Your favorite things say something about you, whether you know it or not. I like A Serious Man because (aside from, you know, everything else) it perfectly captures the feeling of small-town homeliness, that which my town exudes. I like Philadelphia roll sushi because it’s my favorite fish, fruit (yes, avocados are fruit!), and condiment all in one little bite.

So what does the fact that the drug-doing, real-sex-scene-filming, controversy-creating French-Argentinian director Gaspar Noé is my favorite director about me? Best not to dwell on that.

Great directors like Haneke and McQueen play on the mind, but Noé plays on the senses. Loud, fast music, bright, flashing lights (EXTREME EPILEPSY WARNING FOR EVERY MOVIE ON THIS LIST!!!), unhearable tones that make you sick — he’s a clever bastard, and he knows it. The Coens are a fun “haha, he pulled a gun in a bowling alley!” pair of directors, and Kelly Reichardt is a lovely “it’s just her and her dog, that’s sweet” filmmaker, but Noé is more of the “dear God, either make it stop or shoot me” kind of guy. So enough of these “wholesome” filmmakers — it’s time to get our hands dirty, and dig into the really disturbing stuff. This is every film by my favorite director, ranked.

5. Love (2015)

I don’t like sex scenes. Not because I’m an idiot who vomits in my mouth when I see two boys kissing in a film and then deafens my theater cheering when Ryan Gosling crushes some poor dude’s head, but because most of the time, they don’t serve a point. Yes, Shame is pure brilliance, and The Handmaiden is one of the films I have seen that handles the (often fetishized) scenes featuring two women well, but most of the time, exploitative garbage like Blue is the Warmest Color is what I think of when I think “bad sex scene.” Even Lars “okay, I’m a nazi” Von Trier is guilty of this. So when I realized what I was in for when I sat down to watch Love, having done no research prior, I sighed and laid back on my couch, ready to be bored.

And bored I was!

Noé films are often bonkers. Absolute nutjob movies that pull you right in until you want to leave. They ride off of the chaos they create and run you over in the process. I did want to turn off Love, but not because I was sick, but because I was more annoyed than anything.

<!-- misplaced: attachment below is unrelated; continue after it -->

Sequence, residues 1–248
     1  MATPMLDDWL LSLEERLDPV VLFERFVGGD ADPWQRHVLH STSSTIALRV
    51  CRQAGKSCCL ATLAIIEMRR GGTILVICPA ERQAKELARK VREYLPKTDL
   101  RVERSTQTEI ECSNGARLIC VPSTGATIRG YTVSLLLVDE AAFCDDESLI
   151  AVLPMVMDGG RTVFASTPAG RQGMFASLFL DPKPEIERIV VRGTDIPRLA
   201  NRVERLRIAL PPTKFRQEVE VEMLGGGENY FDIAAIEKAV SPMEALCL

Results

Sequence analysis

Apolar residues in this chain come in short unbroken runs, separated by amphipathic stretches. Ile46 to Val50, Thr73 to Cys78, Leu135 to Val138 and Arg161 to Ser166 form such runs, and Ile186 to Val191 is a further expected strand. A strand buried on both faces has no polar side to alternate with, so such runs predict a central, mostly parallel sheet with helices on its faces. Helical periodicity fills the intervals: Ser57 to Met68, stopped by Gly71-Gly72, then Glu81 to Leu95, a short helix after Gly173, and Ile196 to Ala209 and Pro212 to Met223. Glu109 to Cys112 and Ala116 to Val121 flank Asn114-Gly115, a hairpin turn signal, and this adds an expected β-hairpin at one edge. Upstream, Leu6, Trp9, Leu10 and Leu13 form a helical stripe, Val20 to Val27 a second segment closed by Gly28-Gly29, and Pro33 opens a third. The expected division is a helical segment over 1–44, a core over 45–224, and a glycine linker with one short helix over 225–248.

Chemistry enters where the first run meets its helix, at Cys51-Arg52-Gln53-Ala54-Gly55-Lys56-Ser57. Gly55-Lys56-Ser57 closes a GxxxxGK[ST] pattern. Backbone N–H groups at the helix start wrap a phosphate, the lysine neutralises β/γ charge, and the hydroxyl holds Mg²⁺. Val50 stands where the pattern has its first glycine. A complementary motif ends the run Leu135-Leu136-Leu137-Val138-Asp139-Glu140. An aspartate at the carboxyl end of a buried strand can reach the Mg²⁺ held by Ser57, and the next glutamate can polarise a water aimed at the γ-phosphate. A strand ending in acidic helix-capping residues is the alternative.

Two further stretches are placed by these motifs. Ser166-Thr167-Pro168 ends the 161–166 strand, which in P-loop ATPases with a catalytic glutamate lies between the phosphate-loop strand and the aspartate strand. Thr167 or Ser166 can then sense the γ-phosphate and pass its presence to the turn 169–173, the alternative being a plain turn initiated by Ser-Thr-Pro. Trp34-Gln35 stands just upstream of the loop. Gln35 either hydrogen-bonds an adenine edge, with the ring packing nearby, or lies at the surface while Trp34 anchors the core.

Love follows Murphy, an American man who lives in Paris, married and a father. When he gets a call from his ex-girlfriend’s mother saying she’w missing, Murphy can’t help her, but this call sparks a series of memories involving him and his ex’s relationship, how it started, and how it ended. Almost the entire movie is one long flashback.

This is not a good idea for how to set up your movie.

Noé likes to mess around with structure. It’s kind of his thing, after all. But it’s mayyybe a problem when a movie that’s literally about a dead guy floating around in the sky flows better than such a basic story. It’s predictable as hell, and it’s not clever about it either. Gaspar has never relied on crazy twists and turns in his stories, but at least they include interesting scenarios? No one watches the good Gaspar Noé movies for the sex scenes (unless they’re the grossest type of person imaginable who probably watched Saló for the same reason), but that’s unfortunately the meat (ha) of this movie. God knows why he thought it would be cool to bring back the Void “watching sex from inside the woman” shot, and what a surprise, it doesn’t work! At least thirty minutes of this movie is people having actual sex on camera, and it’s just…nah. This is basically a porno with good camerawork, (mostly) good acting, and great colors. The only thing that makes this an “alright, that wasn’t bad” movie is the last ten to fifteen minutes, which are honestly pretty brilliant — Noé tends to nail the endings, so that’s not a surprise. Everything else? Take it or leave it. You can do better than this one.

Rating: 6/10

4. I Stand Alone (1998)

Taxi Driver’s cool, huh? Robert De Niro! Guns! Society! BLAM BLAM BLAM! Awesome!

Gaspar Noé saw Taxi Driver and thought “Hmm, not realistic enough.”

I Stand Alone is just that — Taxi Driver if De Niro was a fat, balding, racist, homophobic asshole whose goal was not to assassinate a politician — just to kill a few guys who were mean to him. The Butcher is a dick, and that’s pretty much all there is to him. Perhaps this is just me, but I like watching awful people be awful without doing something actually illegal. It’s like watching the world’s dumbest racist — they’re too stupid to do anything, but the hateful things they spout make them look so ignorant that it’s funny. That’s what it’s like watching this guy. He wanders the streets, muttering about racial slur this and bitch that, but it’s so off-kilter and lame that’s it’s…kind of hilarious? Easily the only Noé movie with parts that I would dare to chuckle at.